If we’re going to cut through the crazy…
…and get to the truth, the left brain must get on the same page with the right brain.
That’s what I like about these three pieces.
Piece 1 (a view from the right side of the brain):
Benjamin Watson, The problem is not a SKIN problem—
At some point while I was playing or preparing to play Monday Night Football, the news broke about the Ferguson Decision. After trying to figure out how I felt, I decided to write it down. Here are my thoughts:
I’M ANGRY because the stories of injustice that have been passed down for generations seem to be continuing before our very eyes.
I’M FRUSTRATED, because pop culture, music and movies glorify these types of police citizen altercations and promote an invincible attitude that continues to get young men killed in real life, away from safety movie sets and music studios.
I’M FEARFUL because in the back of my mind I know that although I’m a law abiding citizen I could still be looked upon as a “threat” to those who don’t know me. So I will continue to have to go the extra mile to earn the benefit of the doubt.
I’M EMBARRASSED because the looting, violent protests, and law breaking only confirm, and in the minds of many, validate, the stereotypes and thus the inferior treatment.
I’M SAD, because another young life was lost from his family, the racial divide has widened, a community is in shambles, accusations, insensitivity hurt and hatred are boiling over, and we may never know the truth about what happened that day.
There’s more, and it’s all worth reading.
What I like about this is how Mr. Watson doesn’t minimize the historical (and current) wounding of black America by whites, but also doesn’t shy away from the truth of each situation.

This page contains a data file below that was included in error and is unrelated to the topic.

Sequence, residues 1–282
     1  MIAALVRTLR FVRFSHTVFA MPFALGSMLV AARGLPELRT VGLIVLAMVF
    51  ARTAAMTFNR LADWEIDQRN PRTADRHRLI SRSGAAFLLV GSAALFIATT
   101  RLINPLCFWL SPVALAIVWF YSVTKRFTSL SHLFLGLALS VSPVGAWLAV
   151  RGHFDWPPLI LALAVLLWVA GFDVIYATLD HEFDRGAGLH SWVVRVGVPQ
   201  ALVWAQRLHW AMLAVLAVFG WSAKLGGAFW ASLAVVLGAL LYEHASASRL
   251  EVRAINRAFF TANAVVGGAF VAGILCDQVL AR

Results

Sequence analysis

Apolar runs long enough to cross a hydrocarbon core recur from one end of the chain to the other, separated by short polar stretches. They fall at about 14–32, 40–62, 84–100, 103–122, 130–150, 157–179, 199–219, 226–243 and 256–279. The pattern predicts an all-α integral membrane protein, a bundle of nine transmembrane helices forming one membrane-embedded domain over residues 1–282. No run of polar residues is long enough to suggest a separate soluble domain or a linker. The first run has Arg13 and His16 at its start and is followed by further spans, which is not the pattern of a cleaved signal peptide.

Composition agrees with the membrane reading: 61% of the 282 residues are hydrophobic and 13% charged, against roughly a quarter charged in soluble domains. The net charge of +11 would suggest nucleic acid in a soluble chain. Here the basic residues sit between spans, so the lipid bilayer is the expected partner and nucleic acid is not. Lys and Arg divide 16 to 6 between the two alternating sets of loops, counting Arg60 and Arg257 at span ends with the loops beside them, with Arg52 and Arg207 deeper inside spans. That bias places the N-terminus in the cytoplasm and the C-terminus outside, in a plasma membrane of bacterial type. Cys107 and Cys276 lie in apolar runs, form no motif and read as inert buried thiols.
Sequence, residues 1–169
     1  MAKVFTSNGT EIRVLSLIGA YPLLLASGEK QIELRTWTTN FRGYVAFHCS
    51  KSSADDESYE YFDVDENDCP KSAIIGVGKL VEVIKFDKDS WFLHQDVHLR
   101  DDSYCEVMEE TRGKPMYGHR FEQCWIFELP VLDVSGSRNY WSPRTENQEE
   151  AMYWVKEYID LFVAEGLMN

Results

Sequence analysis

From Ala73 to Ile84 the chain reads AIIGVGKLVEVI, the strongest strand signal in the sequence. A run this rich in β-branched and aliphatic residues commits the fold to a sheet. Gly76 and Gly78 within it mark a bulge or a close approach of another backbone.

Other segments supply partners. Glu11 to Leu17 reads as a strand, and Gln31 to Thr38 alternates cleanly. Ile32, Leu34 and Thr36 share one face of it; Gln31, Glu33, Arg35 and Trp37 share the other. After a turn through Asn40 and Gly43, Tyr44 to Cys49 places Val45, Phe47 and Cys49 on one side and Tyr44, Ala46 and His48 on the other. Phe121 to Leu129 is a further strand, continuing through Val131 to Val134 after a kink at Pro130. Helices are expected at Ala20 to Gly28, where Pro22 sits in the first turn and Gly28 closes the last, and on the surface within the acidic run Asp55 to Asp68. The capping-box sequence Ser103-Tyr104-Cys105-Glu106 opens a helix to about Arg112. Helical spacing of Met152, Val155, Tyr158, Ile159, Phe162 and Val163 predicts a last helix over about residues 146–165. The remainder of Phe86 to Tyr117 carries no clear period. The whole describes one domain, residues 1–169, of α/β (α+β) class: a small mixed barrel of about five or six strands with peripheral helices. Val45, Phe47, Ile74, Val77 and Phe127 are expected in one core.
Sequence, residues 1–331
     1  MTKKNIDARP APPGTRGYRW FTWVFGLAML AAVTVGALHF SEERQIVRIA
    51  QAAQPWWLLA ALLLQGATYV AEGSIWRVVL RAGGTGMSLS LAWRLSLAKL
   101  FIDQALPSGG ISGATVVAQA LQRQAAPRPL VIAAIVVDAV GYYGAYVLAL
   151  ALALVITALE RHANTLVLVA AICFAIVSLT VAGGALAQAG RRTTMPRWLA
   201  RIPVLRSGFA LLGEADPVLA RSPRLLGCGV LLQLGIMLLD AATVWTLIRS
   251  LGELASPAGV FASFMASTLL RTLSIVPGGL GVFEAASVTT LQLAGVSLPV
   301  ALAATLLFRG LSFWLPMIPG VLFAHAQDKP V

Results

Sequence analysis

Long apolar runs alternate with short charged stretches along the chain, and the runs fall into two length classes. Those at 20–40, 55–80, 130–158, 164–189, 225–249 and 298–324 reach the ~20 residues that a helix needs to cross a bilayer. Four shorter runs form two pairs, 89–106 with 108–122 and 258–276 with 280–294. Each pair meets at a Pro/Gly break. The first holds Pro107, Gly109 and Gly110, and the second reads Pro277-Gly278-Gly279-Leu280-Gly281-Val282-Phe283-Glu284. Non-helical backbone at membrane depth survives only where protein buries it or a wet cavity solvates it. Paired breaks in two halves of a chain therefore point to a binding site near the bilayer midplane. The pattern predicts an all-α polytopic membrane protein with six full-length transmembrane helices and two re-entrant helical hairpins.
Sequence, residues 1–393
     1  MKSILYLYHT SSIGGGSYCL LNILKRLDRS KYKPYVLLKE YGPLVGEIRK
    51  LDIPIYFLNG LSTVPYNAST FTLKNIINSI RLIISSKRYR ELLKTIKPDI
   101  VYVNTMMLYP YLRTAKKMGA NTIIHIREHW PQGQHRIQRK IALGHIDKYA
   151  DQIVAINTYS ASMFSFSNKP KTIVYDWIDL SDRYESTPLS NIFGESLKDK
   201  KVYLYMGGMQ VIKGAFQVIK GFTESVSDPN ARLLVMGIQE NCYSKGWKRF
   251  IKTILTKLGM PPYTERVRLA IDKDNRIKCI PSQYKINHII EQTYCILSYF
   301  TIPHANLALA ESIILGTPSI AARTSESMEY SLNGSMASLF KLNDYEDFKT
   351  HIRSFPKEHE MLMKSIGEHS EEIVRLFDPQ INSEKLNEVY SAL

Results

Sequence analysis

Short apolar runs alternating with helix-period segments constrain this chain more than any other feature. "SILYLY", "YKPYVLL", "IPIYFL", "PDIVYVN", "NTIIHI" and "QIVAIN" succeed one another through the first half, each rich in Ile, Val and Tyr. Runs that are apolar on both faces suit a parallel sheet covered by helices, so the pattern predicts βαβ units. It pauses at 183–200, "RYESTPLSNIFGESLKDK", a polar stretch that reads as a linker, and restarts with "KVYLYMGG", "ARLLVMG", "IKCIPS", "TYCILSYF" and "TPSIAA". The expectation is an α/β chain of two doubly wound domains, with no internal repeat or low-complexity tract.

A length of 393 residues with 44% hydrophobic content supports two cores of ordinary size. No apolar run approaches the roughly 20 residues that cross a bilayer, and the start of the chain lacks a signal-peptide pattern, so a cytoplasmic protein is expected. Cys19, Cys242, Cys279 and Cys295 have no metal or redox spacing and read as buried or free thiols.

I’M SYMPATHETIC, because I wasn’t there so I don’t know exactly what happened. Maybe Darren Wilson acted within his rights and duty as an officer of the law and killed Michael Brown in self defense like any of us would in the circumstance. Now he has to fear the backlash against himself and his loved ones when he was only doing his job. What a horrible thing to endure. OR maybe he provoked Michael and ignited the series of events that led to him eventually murdering the young man to prove a point.
I think that balance is so critical.
It drives a lot of people crazy, frankly, when analytical right wingers like me approach tragedies like the Michael Brown killing and its aftermath in Ferguson, with dispassionate, almost clinical defense of facts.
And, in an important way, they’re right.
I find myself answering people in a way that not only minimizes a very real, almost intractable problem—but virtually obliterates it as a factor to be considered at all.
I sometimes gloss over the issue of continuing mishandling by (some) police of young black men.
I know it’s happening, and yet I virtually change the subject and point to this or that way American society has changed, grown, and healed over the past 50-60 years.
And it’s true, all of it.
Too many people are being stopped, and worse, for driving while black.
Piece 2 (personal experience):
Gary Fields, Wall Street Journal: What It Felt Like to Be a ‘Suspicious’ Black Teenager—
It was the late 1970s, and I was that large, 17-year-old, high-school kid—getting good grades and college-bound. I was walking home from Bowlero, a bowling alley in Alexandria, La., on a beautiful Saturday afternoon. I was carrying my bowling bag, complete with a 16-pound ball, shoes and a towel.
I noticed police cars speeding around. Several passed before a Louisiana state trooper stopped. He told me to be careful: There had been a fatal shooting in my neighborhood, and the suspect—a 5-foot-6-inch black man—had escaped on a bicycle.
It would have been awesome had the story ended there. Unfortunately Mr Fields then encountered a sheriff’s deputy who wasn’t as enlightened.